Friday , July 19 2024

10 Warning Signs of Alzheimer’s Disease

By Madison Vincent
10 Warning Signs of Alzheimer’s DiseaseJune is Alzheimer’s & Brain Awareness Month and the Alzheimer’s Association needs your help to raise awareness of this disease by going purple, sharing the facts, and getting involved in the fight to end Alzheimer’s.
Who can develop Alzheimer’s disease?
Everyone who has a brain is at risk of developing Alzheimer’s disease, a fatal disease that is often misunderstood. More than 5 million Americans are currently living with Alzheimer’s, including 110,000 in Tennessee.
The Alzheimer’s Association wants to take this month to educate you about this fatal disease. There are many misconceptions and questions about Alzheimer’s, and we want to share our resources with you through educational workshops, presentations, and more. An important thing to know is that though some cognitive decline is a normal part of aging, Alzheimer’s disease is not and it can appear in many different ways and symptoms.
10 Warning Signs
1.    Memory loss that disrupts daily life    
One of the most common signs of Alzheimer’s is memory loss, especially forgetting recently learned information. Others include forgetting important dates or events; asking for the same information over and over; increasingly needing to rely on memory aids or family members for things they used to handle on their own.
2.    Challenges in planning or solving problems    
Some people may experience changes in their ability to develop and follow a plan or work with numbers. They may have trouble following a familiar recipe or keeping track of monthly bills. They may have difficulty concentrating and take much longer to do things than they did before.
3.    Difficulty completing familiar tasks at home, at work or at leisure  
People with Alzheimer’s often find it hard to complete daily tasks. Sometimes, people may have trouble driving to a familiar location, managing a budget at work or remembering the rules of a favorite game
4.    Confusion with time or place 
People with Alzheimer’s can lose track of dates, seasons and the passage of time. They may have trouble understanding something if it is not happening immediately. Sometimes they may forget where they are or how they got there.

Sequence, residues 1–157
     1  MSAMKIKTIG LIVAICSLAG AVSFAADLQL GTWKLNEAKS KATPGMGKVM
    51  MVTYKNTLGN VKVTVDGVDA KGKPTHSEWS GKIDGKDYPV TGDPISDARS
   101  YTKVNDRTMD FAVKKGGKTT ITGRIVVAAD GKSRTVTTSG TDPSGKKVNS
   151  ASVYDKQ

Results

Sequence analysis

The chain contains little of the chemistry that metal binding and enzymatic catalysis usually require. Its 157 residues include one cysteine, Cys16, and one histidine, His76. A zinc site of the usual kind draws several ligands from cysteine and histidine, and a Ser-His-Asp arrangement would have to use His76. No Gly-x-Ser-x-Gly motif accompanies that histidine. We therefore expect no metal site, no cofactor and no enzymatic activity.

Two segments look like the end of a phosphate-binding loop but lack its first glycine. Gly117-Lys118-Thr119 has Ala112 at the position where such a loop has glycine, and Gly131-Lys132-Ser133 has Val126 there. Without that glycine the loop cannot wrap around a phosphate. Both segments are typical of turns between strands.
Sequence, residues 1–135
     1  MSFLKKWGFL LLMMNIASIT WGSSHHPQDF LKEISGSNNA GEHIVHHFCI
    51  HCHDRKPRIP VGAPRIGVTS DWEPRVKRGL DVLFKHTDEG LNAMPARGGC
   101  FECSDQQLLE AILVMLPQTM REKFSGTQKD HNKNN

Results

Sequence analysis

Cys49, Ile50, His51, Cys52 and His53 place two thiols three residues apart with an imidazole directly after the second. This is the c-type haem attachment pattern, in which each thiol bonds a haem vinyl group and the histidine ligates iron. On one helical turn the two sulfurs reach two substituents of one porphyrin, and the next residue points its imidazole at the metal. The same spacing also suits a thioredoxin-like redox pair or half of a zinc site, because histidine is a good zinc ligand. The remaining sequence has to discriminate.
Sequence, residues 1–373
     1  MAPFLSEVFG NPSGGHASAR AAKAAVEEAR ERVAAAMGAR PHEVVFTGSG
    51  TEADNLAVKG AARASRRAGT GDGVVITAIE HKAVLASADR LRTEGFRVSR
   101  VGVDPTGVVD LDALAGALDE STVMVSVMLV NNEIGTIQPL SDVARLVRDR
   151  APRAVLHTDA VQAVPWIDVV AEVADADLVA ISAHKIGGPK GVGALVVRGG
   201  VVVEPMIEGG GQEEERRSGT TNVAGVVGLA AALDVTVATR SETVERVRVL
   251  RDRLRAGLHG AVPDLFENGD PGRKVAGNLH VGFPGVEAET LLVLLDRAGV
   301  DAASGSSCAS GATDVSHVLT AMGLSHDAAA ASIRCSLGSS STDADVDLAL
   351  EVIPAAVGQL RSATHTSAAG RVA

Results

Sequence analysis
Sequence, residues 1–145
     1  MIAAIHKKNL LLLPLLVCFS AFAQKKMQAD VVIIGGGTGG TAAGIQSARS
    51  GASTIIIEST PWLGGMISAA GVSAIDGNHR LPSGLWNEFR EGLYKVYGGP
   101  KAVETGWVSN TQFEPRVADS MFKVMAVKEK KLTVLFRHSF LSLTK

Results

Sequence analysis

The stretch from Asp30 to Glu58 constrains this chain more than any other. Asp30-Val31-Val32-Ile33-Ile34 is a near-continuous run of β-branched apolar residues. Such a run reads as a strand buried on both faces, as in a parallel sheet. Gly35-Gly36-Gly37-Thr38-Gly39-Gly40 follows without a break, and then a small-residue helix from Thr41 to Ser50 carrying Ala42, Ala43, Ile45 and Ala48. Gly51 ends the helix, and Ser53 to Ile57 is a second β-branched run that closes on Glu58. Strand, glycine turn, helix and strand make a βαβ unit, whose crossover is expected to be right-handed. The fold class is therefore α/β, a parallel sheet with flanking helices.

5.    Trouble understanding visual images and spatial relationships  
For some people, having vision problems is a sign of Alzheimer’s. They may have difficulty reading, judging distance and determining color or contrast, which may cause problems with driving.
6.    New problems with words in speaking or writing 
People with Alzheimer’s may have trouble following or joining a conversation. They may stop in the middle of a conversation and have no idea how to continue or they may repeat themselves. They may struggle with vocabulary, have problems finding the right word or call things by the wrong name (e.g., calling a “watch” a “hand-clock”).
7. Misplacing things and losing the ability to retrace steps 
A person with Alzheimer’s disease may put things in unusual places. They may lose things and be unable to go back over their steps to find them again. Sometimes, they may accuse others of stealing. This may occur more frequently over time.
8. Decreased or poor judgment  
People with Alzheimer’s may experience changes in judgment or decision-making. For example, they may use poor judgment when dealing with money, giving large amounts to telemarketers. They may pay less attention to grooming or keeping themselves clean.
9. Withdrawal from work or social activities    
A person with Alzheimer’s may start to remove themselves from hobbies, social activities, work projects or sports. They may have trouble keeping up with a favorite sports team or remembering how to complete a favorite hobby. They may also avoid being social because of the changes they have experienced.
10. Changes in mood and personality